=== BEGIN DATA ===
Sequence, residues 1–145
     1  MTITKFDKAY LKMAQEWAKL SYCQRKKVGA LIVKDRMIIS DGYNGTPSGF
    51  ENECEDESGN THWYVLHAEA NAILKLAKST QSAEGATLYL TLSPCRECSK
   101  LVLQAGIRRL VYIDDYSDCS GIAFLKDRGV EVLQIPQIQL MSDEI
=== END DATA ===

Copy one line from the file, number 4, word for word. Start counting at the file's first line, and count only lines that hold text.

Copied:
   101  LVLQAGIRRL VYIDDYSDCS GIAFLKDRGV EVLQIPQIQL MSDEI